“We should march, we should protest, we should light candles, we should have vigils for those who have lost their lives,” said Muhammad, the president of the Childs Park Neighborhood Association. “I also feel that 50 shots during rush hour on a main thoroughfare was excessive.

“I felt chills run down my spine when I heard the young man scream ‘That’s my brother’ as officers emptied their clips into his body.” He was referring to the reactions heard on a Facebook video that captured a portion of the shooting.

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Muhammad also proposed reaching out to families who have lost loved ones to violence or to prison to “help them process it.”

Outreach was a consistent theme during the two-hour Zoom call, which garnered more than 80 viewers.

“Some of these families and young people feel like ‘I’m in this by myself, nobody cares,’” Murphy said. “We’ve got to come out of our comfort zone and adopt families.”

Related: St. Petersburg leaders grapple with spate of November shootings

The discussion hit many different angles: the importance of reaching kids and putting them on the right path earlier, before their teen years; increasing opportunity for economic prosperity; addressing mental illness and addiction; changing laws to enhance gun control and reduce qualified immunity for police officers; and boosting employment for felons.

Participants acknowledged that the root issues afflicting the city’s Black community and the proposed solutions aren’t new, and that a comprehensive and sustainable solution remains elusive. And there were some disagreements, including about whether guns were at the root of the problem or a symptom of a deeper one, and whether it was possible to work with city officials and other constituencies.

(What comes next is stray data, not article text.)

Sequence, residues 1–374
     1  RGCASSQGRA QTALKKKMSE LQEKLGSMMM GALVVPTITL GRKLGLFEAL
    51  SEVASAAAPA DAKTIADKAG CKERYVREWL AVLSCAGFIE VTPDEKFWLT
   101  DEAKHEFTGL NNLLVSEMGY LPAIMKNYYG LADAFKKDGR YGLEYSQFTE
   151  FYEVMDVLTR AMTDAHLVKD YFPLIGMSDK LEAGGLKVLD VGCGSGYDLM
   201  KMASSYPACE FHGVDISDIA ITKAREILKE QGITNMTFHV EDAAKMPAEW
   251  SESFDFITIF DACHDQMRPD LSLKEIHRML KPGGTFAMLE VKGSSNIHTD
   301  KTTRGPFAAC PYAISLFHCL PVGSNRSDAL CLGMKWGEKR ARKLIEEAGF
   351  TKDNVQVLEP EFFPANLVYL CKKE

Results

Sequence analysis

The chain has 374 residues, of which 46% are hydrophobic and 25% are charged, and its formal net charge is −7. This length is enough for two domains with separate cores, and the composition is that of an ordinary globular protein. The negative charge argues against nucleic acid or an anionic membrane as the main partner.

The discussion followed a similar Enough is Enough Zoom conversation, held last week, that focused more on 16th Street S, where weekly unsanctioned parties go late into the night. Arnieceia Milton, a 23-year-old mother of two, was killed at one those parties on Nov. 15. The two discussions shared many of the same participants.

Related: Parking lot argument leads to deadly shooting in St. Petersburg

During Monday’s call, Sykes stressed the importance of holding local city leaders accountable. He said the problems lay with “institutional racism on a grand scale,” citing the explosion of growth in downtown while the city’s poorest communities have been left bereft of opportunities, which pushes young people into illegal and dangerous enterprises like drug dealing.

“In South St. Petersburg, the story didn’t change, neither did the outlook of the people,” Sykes said. “What they have done in this city could have done many times over in 28 years in that small area. What we have to have are people in leadership whose vision is for the entire city, to bring about parity.”

“If we don’t change that script,” Sykes warned, “it’s going to be the same songs. Marvin Gaye’s song will be a hit in the next 40 years.”

Mother, mother

There’s too many of you crying

Brother, brother, brother

There’s far too many of you dying

You know we’ve got to find a way

To bring some lovin’ here today